Be Careful When Hiring A Financial Planner Queenswide

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Financial planning is a complex issue, but, according to experts, dealing with it in a timely manner and doing it step by step can help prevent a potentially confusing process from becoming overwhelming.

And while managing your personal finances is ultimately your responsibility, you don’t have to take care of it alone – there are plenty of helpers available.

Raymond Bergen, a certified financial planner in Forest Hills, offered plenty of advice in a recent phone interview, but, perhaps more importantly, he suggested that unless you know how to manage your own finances, ” go to someone who is qualified ”.

This is where one of the most difficult aspects of financial planning lies: how to find the right person to work for you. Choosing a financial planner can be as important as choosing a doctor or lawyer.

Bergen recommends looking at the Certified Financial Planner Board of Standards website, cfp.net, which states that “CFP certification is the gold standard in financial planning.”

The site recommends that you “partner with an experienced and knowledgeable CFP professional who is committed to putting your interests first. “

It offers suggestions on the types of questions you might ask a potential planner: What are your qualifications? What services do you offer? Will you have a fiduciary duty to me (putting the client’s interests ahead of theirs)? What is your approach to financial planning? How will I pay for your services? Do others benefit from the financial advice you give me?

When selecting the right planner, it is important to keep in mind how he or she can help you. The Financial Planning Association (plannersearch.org) suggests that a planner can help you set realistic goals by assessing your current financial health by reviewing your assets, liabilities, income, insurance, taxes, investments, estate plan, and other aspects of your business. finances.

The FPA further states that the person you hire should help you develop a comprehensive plan to meet your financial goals and then put your plan into action, monitoring their progress along the way. It is important, FPA stresses, to stay on track to achieve changing goals and personal circumstances throughout the different stages of your life.

“Beware of people who claim to be financial planners but who seem more interested in promoting specific financial products to the detriment of your real needs and goals,” the site warns. “All FPA member planners abide by the FPA Code of Ethics and are committed to putting the best interests of their clients first. “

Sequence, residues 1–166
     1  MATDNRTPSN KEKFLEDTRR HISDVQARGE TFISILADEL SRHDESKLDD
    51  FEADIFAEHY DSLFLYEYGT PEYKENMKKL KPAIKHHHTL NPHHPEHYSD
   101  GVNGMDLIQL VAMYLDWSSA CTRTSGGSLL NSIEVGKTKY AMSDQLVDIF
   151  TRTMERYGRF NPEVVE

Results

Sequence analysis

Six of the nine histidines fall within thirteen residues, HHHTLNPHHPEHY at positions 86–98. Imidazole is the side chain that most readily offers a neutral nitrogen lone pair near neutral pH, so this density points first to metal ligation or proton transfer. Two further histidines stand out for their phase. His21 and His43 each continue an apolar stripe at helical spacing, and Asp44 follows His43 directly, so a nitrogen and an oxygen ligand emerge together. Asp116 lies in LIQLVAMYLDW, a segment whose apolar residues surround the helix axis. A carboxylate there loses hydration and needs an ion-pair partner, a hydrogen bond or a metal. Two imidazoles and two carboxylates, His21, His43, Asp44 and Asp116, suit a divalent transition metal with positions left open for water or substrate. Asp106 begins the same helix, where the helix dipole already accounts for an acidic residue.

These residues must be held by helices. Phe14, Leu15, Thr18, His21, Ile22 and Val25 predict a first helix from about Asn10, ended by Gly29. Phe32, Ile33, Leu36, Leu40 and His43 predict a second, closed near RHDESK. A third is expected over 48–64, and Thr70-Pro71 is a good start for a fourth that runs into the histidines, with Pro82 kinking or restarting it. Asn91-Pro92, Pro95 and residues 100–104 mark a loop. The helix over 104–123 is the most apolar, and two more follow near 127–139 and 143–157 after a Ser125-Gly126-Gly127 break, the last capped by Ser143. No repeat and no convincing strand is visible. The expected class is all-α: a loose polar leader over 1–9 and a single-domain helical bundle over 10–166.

“There are thousands of people with different credentials and certifications,” Bergen said. “Anyone with a license can give financial advice. The person could simply sell investments to earn money. He recommends talking to a tax preparer or chartered accountant first, but he cautions, “I’ve seen catastrophic situations” in which people have been misguided.

“Shop around,” Bergen said, suggesting that the best way to choose a counselor is to get recommended by someone you trust.

It should be noted that not all planners are suitable for everyone. Many planners specialize in working with certain types of clients. Therefore, the FPA recommends that you interview at least three professionals in person to find the one that will meet your needs.

In fact, according to smartasset.com, one of the most common mistakes people make is hiring the first advisor they meet. Among the other mistakes he mentions, choosing an advisor with the wrong specialty to meet your needs and choosing one whose strategy is incompatible with yours.

Experts say that one of the most serious mistakes people can make is waiting too long to start planning for their financial future. The process must begin long before a person becomes an elderly person.

Delaying a plan often leads to the biggest problem facing seniors today – they can’t afford to retire. The first step may well be to calculate how your income compares to your overall expenses and plan accordingly. Of course, some aspects of your lifestyle will change over time, such as possible health scenarios.

The # 1 concern for many people is running out of money later in life. Counselors suggest that you find a way to build a personal pension, an employer funded and operated retirement plan for the benefit of employees that would ensure a flow of income for the rest of your life. Individual retirement accounts, or IRAs, are also recommended, which are funded and managed by each individual as part of a personal retirement savings plan. Investopedia.com states that there are several types of IRAs, each with different rules regarding eligibility, taxation, and withdrawals.

Charles Schwab (at schwab.com) points out that the rules regarding the minimum distributions required from your retirement accounts have recently changed. You must take an annual RMD once you reach age 72 (as opposed to age 70 1/2 if you turned 70 and a half before January 1, 2020).


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